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Taxi Driver Analysis

Sitting on a warm evening, inside a cool air conditioned taxi in Dubai, I spoke to my driver about the recent situation in Pakistan as well as the current and previous governments. His overall analysis regarding Pakistan can be summed up was “they (current and previous government) are thieves, they steal from us to provide their children with a brighter future. They do not value our children or our future, the one who has a clean conscious has been placed under house arrest, the ones fighting the system are too good to become victorious and the rest are like sheep!!”

But this feeling was reiterated in every taxi I sat (if you’ve ever visited Dubai you’d know how many taxis one sits in), whether the taxi driver hailed from Peshawar, Faisalabad, Rawalpindi, Karachi, Lahore or even Gujranwala. The fact of the matter remains that they all echoed the same voice.

The first day, as I was on my way to the hotel I was staying in, my taxi driver who was from Peshawar, told me he had been living in Dubai since Asif Ali Zardari came into power. “He was and still is a thief who had no legitimacy in Pakistan, soon as he came to power, that’s when Pakistan became ruined! When the President of the country becomes the biggest crook, then what will become of the rest of the country? Soon as I came to know that Asif Ali Zardari would be the President of Pakistan, I knew what would become of Pakistan as well.” When I asked him about Imran Khan attaining success and becoming almost like a savior of the masses, he replied “I’ve heard from my family members back home that the situations has improved in KPK somewhat. The policing, health and education systems are performing better. My family members informed me that financial corruption has decreased substantially. Imran Khan is a good man for Pakistan,” he said.

I then asked him why he hadn’t returned to Pakistan. “Pakistan is different now, it’s dangerous, and there is no proper sense of security! I could drive around all day and night here and no one would even look at me. The situation was better when Pervez Musharraf was governing the country, he made some mistakes but Pakistan was a lot safer then as compared to what it is now.  Currently, the same people who had robbed us all our lives, are back in power,” he said. I had reached my hotel by this time but was determined to talk to more people and extract their opinions.

Taking a jeep into the middle of the desert is an amazing experience and is even more exciting when your driver is from Faisalabad and is playing “Nit Khair Mangan” the late Nusrat Fateh Ali Khan’s song, during your journey. He told me, “Dubai is an amazing place and is a home away from home! The country was built due to the efforts of foreign labour. Nearly half of these foreign laborers who helped in the building process of Dubai were comprised of Pakistanis. Had our own governments not been so nepotist and corrupt, we would also be in the same league.”

He also disclosed the fact that he had left Pakistan in 2008. “I left Pakistan in 2008. How could we possibly stay in a country that is going to be governed by the very people we thought we were free from?” I was surprised that this was another driver who was reiterating the same stance that my previous taxi driver had stated. “The awaam doesn’t need anything other than safety, employment, health and education. Provide us with these and the rest our children will provide for us as we have equipped them with the necessary tools. Take these opportunities away from them and they have no choice but to leave Pakistan or turn to a life which we don’t want for them.” Sad as it was, he was speaking the truth. “Imran Khan can do nothing while Nawaz is in power, if the root of the flower is messed up how can the flower grow or function?”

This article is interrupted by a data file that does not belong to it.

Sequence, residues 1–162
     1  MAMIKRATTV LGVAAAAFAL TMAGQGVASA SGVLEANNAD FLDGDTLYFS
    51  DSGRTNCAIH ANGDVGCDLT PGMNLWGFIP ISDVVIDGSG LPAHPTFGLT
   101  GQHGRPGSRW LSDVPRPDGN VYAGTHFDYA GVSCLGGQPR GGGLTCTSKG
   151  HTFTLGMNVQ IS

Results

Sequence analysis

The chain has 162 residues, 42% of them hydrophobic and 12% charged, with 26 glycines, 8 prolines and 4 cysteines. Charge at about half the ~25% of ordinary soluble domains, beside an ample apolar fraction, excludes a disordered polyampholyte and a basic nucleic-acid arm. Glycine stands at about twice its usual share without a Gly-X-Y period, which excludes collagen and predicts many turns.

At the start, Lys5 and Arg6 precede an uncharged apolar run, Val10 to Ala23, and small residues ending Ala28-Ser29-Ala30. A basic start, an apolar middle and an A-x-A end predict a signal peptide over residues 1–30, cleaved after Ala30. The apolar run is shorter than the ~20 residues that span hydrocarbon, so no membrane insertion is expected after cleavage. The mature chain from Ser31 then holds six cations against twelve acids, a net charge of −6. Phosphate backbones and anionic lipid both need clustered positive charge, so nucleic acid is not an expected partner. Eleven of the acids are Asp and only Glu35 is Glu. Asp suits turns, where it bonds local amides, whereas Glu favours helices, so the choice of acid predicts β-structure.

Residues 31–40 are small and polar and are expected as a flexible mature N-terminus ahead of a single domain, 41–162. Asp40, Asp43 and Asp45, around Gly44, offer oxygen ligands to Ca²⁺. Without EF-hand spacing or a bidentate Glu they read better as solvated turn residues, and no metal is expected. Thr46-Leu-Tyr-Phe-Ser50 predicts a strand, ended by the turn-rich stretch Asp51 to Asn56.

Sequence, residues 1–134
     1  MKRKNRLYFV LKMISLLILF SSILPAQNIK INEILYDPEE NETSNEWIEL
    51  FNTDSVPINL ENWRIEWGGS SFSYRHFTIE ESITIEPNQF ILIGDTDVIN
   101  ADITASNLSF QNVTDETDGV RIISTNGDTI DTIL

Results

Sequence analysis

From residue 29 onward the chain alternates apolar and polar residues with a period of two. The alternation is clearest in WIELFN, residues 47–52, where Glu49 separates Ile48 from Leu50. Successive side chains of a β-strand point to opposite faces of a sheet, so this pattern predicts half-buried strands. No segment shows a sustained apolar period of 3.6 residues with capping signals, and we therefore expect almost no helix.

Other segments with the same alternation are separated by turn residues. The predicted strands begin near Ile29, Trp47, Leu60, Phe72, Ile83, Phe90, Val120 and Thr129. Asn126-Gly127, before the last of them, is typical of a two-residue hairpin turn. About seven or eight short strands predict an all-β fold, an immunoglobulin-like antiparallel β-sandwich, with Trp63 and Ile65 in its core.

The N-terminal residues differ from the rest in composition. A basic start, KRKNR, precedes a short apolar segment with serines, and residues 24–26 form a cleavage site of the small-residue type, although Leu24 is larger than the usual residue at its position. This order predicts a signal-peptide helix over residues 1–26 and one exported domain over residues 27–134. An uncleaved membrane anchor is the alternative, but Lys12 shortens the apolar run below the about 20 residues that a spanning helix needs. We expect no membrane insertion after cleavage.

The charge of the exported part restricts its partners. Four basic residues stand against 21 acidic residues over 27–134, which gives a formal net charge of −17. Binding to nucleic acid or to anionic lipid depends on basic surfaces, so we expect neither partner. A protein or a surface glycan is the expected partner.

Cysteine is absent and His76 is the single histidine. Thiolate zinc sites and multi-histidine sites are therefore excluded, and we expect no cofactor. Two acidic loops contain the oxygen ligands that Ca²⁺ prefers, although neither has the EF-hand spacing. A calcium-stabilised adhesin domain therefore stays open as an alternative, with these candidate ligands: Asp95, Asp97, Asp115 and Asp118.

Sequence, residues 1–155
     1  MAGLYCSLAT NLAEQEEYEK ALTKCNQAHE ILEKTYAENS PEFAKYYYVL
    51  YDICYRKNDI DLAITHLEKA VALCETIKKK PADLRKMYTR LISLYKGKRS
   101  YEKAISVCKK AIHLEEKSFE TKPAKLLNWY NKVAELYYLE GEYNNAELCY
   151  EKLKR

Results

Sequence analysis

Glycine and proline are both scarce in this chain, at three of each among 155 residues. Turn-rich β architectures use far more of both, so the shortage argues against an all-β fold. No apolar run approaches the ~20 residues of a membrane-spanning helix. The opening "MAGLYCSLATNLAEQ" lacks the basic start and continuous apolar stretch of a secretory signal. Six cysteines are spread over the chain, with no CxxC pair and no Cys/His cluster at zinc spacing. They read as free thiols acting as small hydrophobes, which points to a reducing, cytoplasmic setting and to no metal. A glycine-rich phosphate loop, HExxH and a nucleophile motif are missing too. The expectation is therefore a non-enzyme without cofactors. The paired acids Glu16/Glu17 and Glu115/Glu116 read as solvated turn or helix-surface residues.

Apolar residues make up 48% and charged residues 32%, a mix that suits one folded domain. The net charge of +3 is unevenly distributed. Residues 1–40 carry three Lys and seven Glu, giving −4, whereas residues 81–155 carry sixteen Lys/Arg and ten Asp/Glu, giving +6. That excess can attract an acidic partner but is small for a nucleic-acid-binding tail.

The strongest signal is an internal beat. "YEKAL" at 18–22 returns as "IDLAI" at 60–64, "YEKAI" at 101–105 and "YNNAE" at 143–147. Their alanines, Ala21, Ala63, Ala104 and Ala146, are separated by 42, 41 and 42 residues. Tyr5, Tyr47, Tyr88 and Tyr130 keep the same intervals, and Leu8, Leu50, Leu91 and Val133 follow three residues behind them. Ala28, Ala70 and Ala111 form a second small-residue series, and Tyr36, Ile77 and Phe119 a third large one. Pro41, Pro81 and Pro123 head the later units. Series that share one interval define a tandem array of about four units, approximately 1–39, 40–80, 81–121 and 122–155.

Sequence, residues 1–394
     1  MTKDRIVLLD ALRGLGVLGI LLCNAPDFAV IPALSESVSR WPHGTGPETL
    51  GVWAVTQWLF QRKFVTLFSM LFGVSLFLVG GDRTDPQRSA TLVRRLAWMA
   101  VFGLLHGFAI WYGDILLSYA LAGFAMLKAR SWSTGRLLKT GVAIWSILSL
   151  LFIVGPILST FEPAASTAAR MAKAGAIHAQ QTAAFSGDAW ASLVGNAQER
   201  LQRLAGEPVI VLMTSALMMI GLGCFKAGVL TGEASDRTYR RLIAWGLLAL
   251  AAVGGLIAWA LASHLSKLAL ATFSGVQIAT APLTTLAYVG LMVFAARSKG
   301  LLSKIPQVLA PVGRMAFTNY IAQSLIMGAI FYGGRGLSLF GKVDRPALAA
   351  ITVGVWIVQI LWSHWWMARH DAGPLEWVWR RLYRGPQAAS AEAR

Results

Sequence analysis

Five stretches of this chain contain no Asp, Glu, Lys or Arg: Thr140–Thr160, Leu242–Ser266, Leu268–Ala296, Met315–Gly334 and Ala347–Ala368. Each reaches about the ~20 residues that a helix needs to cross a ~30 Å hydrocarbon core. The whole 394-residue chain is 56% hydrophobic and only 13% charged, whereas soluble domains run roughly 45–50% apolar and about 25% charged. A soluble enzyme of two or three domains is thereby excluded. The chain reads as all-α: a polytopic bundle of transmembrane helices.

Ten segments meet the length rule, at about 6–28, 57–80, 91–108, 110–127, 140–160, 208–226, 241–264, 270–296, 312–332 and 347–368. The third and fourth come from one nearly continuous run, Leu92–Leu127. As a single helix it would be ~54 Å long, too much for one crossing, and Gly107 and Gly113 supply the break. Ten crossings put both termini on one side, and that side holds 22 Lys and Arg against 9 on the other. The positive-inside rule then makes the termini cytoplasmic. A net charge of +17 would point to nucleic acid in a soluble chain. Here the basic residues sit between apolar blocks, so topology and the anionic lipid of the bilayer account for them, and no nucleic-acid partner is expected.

In a cab which was enroute to the mall, my driver from Hyderabad stated, “I was a cabbie in Pakistan and I still remember back in 2002 working for about 6 to 8 hours a day and then rushing home to spend time with my family! Times were good then as I was earning a good wage and was able to spend time with my family. Power outages weren’t an issue then so we would enjoy quality family time together! When the next government came, I was working for around 12 to 16 hours just so that I could put food on the table for my family! And what did I go back home to? A house with no electricity, consuming meal in the dark with the weather being extremely warm. I came here when Nawaz Sharif was voted in, I couldn’t take another 5 years! Now I work here and my family is living a comfortable life back in Pakistan. I am not there but I am working and earning more here.My family has a better life and due to the UPS,  they are managing better.”

On my last day whilst I was on my way back to the airport, my driver, who was from Rawalpindi and lived near Adiala Jail there, remarked, “I was a huge supporter of Pakistan People’s Party, my parents were not educated and had always been fed the roti, kapra aur makaan slogan that the Bhuttos were famous for. But after we had spent some years under their administration, we realized this wasn’t a slogan, it was a way to trap the uneducated and poor people. I say this with regret that I should have supported Musharraf back when he was ruling Pakistan. If he was governing our country still, I would still be in Pakistan doing the job I got in his tenure!”

It seemed to me that these were the voices of the normal, average Pakistani. But then again, who ever listens to the average Pakistani?

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